Situated on a low rise in a broad bend of the River Boyne with a SW-NE section of the river c. 150m to the SE. The Cistercian abbey of the Beatitudes (ME031-026----) was suppressed in 1537 when the estate was leased by Thomas Agard, a vice Treasurer of the Mint, and purchased from the Crown by Andrew Wyse in 1552. Sometime in the later 16th century, after the Suppression, the buildings were transformed into a U-shaped house, adapting the first floor of the E, S and W ranges as accommodation. The tower house was incorporated into the design and the W range was extended northwards into the W end of the now defunct church. A new entrance was provided on the S front at the first floor, reached by a grand stone staircase. The old chapter house was converted into a kitchen with a large oven in the adjacent chamber to the N. The other vaulted chambers of the ground floor were used for storage, and a stairs to the first floor was inserted in the S range, accessed from the old cloister walk. The most distinctive features of this phase are the large chimney stacks that are particularly visible, two on the N wall of the S range and one on the N gable of the E range. The first floor and an attic survive here with large rectangular windows of two or three lights under rectangular hood mouldings. It might have continued in occupation until Bective House was built around 1790 (Bence-Jones 1978, 35) c. 1.5km to the NNE. (Leask 1916)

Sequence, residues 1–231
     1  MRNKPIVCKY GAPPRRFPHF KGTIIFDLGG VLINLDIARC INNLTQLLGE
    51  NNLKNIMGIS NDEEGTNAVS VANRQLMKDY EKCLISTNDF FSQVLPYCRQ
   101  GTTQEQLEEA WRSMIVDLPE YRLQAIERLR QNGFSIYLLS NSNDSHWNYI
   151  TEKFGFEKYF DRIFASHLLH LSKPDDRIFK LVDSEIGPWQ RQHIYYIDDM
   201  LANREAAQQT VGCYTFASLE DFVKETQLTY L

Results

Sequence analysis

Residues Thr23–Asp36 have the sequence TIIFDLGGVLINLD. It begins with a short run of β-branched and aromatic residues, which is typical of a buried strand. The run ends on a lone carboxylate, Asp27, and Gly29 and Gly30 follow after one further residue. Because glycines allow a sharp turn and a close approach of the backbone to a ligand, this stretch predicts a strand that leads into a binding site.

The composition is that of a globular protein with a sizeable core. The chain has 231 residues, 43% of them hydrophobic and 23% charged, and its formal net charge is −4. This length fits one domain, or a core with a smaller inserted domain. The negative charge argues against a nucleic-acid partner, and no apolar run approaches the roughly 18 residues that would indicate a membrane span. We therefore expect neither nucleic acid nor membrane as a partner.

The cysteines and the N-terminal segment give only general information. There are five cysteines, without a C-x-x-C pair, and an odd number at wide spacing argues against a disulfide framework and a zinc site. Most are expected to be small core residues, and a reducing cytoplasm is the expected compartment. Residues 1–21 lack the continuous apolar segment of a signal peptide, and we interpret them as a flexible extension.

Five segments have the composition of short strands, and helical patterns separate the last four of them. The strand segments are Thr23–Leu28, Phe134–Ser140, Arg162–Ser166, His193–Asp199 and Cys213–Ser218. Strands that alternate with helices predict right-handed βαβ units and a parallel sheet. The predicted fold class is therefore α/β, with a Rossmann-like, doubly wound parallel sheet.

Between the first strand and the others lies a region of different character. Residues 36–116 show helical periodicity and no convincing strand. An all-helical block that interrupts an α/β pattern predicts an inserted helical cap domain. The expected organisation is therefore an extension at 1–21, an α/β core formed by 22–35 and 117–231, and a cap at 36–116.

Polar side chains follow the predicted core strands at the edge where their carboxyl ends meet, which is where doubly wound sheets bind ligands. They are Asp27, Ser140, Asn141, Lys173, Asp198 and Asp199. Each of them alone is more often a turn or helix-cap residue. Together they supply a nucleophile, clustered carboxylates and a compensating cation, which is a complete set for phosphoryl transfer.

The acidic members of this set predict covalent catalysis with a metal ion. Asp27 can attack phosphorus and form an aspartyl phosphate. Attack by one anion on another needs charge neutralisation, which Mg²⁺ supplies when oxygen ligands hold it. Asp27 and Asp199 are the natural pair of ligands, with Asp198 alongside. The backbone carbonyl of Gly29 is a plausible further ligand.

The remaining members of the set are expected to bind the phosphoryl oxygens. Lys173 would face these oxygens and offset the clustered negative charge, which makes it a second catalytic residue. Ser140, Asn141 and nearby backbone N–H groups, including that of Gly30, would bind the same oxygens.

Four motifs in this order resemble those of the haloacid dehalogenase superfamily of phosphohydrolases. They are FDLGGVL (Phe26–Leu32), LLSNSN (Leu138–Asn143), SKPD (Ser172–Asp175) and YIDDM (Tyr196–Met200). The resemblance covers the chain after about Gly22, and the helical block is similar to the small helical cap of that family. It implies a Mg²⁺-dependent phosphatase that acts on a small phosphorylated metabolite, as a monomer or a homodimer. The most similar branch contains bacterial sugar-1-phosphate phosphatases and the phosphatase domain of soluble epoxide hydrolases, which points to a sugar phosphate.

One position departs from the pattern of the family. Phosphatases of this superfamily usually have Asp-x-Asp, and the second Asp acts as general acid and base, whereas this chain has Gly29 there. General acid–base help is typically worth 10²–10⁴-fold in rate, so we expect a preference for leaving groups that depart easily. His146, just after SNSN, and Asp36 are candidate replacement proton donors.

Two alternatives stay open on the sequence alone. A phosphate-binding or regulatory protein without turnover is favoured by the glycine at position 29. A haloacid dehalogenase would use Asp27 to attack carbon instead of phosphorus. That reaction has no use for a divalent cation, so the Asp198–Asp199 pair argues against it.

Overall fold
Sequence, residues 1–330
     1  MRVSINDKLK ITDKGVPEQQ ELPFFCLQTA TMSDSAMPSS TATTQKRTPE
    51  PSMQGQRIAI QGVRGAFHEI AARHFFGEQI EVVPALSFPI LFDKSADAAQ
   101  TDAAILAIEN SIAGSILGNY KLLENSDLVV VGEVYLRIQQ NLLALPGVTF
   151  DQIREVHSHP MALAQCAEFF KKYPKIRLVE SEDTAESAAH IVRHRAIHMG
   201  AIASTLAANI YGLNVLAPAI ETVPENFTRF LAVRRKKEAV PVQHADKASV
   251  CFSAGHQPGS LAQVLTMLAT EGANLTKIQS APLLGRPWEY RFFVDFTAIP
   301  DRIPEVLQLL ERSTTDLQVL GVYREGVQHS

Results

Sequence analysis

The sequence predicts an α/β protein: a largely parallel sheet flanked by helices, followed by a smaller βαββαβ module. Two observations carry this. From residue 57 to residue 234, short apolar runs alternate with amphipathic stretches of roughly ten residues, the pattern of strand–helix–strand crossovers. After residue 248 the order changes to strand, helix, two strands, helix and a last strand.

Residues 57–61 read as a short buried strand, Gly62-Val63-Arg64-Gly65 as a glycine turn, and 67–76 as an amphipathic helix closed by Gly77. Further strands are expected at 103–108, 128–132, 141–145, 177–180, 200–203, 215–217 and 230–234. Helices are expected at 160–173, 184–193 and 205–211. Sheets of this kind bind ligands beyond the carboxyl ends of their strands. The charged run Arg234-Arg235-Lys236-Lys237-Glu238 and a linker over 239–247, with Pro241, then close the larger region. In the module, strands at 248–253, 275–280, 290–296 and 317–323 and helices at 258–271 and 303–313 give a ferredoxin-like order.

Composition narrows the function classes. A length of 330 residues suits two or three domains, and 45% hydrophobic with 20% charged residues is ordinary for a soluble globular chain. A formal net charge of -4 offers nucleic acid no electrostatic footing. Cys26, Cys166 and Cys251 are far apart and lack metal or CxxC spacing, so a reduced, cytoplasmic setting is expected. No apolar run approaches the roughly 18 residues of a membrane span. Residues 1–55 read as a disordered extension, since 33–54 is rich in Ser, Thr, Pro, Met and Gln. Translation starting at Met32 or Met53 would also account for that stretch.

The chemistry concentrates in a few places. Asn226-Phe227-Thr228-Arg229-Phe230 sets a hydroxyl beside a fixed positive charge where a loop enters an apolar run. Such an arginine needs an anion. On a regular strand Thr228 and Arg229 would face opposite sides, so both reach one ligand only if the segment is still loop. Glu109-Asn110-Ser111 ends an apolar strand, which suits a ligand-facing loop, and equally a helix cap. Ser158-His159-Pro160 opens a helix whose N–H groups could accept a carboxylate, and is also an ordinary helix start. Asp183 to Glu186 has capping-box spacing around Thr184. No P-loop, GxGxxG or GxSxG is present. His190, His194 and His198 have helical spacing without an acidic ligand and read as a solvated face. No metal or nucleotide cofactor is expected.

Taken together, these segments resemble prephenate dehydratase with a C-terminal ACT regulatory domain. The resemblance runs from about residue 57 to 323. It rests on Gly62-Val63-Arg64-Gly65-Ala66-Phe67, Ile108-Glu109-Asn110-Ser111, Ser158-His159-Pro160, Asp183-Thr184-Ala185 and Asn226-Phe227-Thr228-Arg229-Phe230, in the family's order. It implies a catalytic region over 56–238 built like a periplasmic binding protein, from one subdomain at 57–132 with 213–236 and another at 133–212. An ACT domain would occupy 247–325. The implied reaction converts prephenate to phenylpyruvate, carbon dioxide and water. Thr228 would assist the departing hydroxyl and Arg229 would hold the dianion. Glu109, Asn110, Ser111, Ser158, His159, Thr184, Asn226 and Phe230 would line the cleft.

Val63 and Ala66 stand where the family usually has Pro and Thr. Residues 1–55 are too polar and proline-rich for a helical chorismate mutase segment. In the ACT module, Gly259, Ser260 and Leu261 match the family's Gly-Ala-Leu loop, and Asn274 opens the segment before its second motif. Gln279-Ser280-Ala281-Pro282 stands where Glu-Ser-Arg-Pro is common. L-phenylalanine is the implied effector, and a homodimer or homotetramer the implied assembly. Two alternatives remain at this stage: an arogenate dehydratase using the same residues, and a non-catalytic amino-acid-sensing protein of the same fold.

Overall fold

The above description is derived from the published 'Archaeological Inventory of County Meath' (Dublin: Stationery Office, 1987). In certain instances the entries have been revised and updated in the light of recent research.
Compiled by: Michael Moore
Date of upload/revision: 15 January 2015
Description Source: National Monuments Service, Department of Arts, Heritage Regional, Rural and Gaeltacht Affairs.